Daily Archives: November 7, 2006

NaNoWriMo 2006- Day Seven

Not a bad day, yesterday (3,000 words) although I didn’t meet my personal target of 4,000.

I thought Mondays were bad writing days because I usually didn’t write on the weekend but, no, Mondays are simply bad writing days. I’ll have to figure out why. Here’s another short excerpt from the very rough work-in-progress:

“So, what was that stuff I sent you?”

“Baby formula. Where’s the baby?”

“Not here.”

“Why did you send it to me, then?”

“You didn’t come in here just to tell me that what I sent you for analysis was simply baby formula.”

“I’m here, aren’t I?”

“Yeah, but you’re not blasting me for wasting your time.”

The microwave beeped. “Okay, it’s really weird baby formula.” Claire opened the door, took down her cup, and dunked a teabag in the boiling water. “Where did it come from?”

I opened the fridge, where I’d put the bottle. It was gone. “Uh-oh.”

“What?”

“You want milk with that tea? Because if you do, I don’t have any.”

“Jack.”

I rubbed my hands over my face. My snooze to the sounds of music hadn’t done much for my exhaustion. “I’ve had a strange day.”

The doorbell pealed again. “That’ll be my pizza.”

Claire made a sound of disgust. Being a vegetarian and a health nut, she couldn’t repress her disapproval at what she considered a disgusting mix of dairy and meat. Myself, I pretty much considered it an essential diet staple. It had all the food groups —grain, cheese, protein, and veggies— and, if it came from Domino’s tasted like heaven.

I dumped the pie on the dining room table, came back to the kitchen for a plate and a paper towel, which I brought back to the table.

“You could at least use a knife and fork,” Claire said. She’d followed me to the dining room and sat at the opposite side of the table.

“Why? Then I’d have to clean them.”

“You have a dishwasher, for God’s sake.”

“I like full contact with my food.” I picked up a slice, dumped it on my plate. Then I sighed, went back to the kitchen for utensils and a placemat. Claire scowling at me was enough to give me indigestion, so it was easier to just play the civilized man. “Happy, now?”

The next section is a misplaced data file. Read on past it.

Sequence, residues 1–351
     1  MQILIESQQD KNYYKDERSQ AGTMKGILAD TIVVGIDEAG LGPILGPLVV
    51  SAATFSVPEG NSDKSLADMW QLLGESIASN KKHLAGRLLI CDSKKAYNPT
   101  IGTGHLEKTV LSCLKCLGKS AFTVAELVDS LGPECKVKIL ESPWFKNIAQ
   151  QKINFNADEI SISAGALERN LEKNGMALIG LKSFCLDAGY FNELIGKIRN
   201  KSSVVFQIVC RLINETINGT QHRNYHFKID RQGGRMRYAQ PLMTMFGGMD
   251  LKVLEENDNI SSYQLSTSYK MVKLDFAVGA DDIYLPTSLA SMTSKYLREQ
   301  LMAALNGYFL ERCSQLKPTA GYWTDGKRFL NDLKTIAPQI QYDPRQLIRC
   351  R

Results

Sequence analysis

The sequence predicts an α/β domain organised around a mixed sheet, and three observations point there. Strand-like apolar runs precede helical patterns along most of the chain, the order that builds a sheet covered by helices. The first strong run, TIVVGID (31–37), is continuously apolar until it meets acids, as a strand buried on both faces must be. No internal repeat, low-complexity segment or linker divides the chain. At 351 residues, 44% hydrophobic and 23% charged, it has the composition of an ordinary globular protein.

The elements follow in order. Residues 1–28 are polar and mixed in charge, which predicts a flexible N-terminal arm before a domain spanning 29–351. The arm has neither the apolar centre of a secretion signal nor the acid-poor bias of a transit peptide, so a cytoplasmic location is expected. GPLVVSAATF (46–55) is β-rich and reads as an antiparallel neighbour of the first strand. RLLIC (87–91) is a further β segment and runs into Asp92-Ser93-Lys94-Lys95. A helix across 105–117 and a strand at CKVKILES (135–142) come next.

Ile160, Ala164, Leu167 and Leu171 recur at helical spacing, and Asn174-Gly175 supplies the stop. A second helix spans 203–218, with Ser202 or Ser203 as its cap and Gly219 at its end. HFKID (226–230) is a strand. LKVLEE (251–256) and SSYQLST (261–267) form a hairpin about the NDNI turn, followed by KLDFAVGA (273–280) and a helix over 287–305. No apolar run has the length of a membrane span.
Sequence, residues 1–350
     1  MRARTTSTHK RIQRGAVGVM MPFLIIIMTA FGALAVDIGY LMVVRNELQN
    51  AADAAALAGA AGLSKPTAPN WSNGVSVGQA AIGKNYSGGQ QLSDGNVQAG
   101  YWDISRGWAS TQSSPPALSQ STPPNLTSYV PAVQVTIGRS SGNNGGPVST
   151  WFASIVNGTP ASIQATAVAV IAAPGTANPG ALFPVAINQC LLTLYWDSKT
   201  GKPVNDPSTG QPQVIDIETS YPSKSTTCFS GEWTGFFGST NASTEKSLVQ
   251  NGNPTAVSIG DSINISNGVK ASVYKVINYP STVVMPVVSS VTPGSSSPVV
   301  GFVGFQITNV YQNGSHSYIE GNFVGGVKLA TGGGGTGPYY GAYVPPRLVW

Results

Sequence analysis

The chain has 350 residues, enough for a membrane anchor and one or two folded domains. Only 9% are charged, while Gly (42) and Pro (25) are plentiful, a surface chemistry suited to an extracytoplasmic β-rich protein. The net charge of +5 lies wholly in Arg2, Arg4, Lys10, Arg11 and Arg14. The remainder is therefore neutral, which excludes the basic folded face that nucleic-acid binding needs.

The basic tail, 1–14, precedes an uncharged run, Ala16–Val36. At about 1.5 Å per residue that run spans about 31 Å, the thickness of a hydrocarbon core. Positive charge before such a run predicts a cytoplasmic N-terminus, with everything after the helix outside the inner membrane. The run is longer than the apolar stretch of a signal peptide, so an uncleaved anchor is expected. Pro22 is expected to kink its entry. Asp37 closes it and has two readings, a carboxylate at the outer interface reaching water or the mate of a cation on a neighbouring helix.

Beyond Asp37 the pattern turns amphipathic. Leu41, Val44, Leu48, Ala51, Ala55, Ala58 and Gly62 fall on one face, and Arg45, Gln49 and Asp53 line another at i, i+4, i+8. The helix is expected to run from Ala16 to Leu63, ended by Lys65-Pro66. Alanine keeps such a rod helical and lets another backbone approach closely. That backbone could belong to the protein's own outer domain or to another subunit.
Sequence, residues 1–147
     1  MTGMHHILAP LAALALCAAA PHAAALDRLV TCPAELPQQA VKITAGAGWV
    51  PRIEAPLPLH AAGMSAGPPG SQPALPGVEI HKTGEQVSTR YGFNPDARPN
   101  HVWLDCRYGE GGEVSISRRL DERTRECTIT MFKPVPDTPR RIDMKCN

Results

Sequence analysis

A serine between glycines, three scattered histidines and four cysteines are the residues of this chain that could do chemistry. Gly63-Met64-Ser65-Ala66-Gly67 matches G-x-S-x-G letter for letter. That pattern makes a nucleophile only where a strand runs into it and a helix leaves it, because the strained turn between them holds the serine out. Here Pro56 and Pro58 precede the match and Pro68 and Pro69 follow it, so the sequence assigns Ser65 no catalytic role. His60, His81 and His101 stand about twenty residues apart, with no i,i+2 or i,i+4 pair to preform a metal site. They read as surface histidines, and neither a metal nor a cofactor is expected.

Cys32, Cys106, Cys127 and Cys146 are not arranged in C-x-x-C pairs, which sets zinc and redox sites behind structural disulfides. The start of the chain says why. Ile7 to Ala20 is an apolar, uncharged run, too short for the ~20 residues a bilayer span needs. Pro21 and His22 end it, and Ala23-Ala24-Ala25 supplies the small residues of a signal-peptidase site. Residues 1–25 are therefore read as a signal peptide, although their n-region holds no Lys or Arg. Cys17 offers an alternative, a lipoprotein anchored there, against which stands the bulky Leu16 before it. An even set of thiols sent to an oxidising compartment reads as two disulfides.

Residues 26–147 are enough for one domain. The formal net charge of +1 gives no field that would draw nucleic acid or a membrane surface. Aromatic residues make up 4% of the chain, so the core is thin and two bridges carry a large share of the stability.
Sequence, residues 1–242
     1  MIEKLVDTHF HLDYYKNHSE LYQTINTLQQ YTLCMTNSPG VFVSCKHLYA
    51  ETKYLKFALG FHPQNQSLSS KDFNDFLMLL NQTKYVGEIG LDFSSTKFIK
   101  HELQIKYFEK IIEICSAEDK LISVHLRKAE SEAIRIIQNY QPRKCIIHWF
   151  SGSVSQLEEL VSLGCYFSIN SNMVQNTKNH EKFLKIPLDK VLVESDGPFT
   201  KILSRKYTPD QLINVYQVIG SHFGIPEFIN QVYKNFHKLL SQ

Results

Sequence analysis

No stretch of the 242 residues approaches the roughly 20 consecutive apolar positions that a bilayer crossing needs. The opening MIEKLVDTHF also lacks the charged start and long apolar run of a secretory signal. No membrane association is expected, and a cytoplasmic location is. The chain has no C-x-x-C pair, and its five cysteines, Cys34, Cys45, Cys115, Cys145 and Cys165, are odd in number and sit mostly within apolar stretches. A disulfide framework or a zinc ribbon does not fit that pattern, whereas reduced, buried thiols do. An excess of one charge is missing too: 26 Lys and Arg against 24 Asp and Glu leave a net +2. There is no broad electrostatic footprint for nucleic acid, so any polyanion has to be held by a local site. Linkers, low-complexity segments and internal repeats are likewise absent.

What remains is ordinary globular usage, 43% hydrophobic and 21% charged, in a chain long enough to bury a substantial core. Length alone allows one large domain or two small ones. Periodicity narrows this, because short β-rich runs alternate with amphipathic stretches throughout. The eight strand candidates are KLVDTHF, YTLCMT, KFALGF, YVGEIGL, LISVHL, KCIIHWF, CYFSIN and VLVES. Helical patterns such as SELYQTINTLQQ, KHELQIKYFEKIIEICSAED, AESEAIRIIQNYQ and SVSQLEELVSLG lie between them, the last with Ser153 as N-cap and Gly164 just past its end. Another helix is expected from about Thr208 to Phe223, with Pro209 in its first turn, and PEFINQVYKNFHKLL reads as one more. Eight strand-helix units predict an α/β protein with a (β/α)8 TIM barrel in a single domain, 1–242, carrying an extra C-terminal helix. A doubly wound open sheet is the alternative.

“That formula was supposed to be in the fridge and it’s gone, isn’t it?”

Claire may be lots of things, such as a pain in the butt, but I couldn’t accuse her of being stupid. In fact, she was one of the most intelligent women I’d ever known, including Annie. “You got it. What was weird about it?”

“Well, first, if you gave that stuff to a human baby, he wouldn’t have a mouth, let alone a throat or a stomach inside a minute. The stuff is as caustic as sulfuric acid, although it’s not what it is. In fact, it’s a type of acid I’d never encountered before.”

“But I handled it when I poured out a bit for you. Some of it dropped on my hand and it didn’t do any damage.”

“It activates when in contact with another liquid, such as saliva.”

“Why did you say it was baby formula, then?”

“Because it also has casein, whey protein, milk and vegetable fat, sugar, and lactose. In short, infant formula ingredients.”

I took a bite of pizza, chewed to give me time to think. “I’m not a biochemist, but I’d think the acid would destroy these other ingredients.”

“Yes, it should. It doesn’t.”

“Hence the term weird attached to it.”

“Yes. Did a baby come with that formula?”

Did you like this? Share it: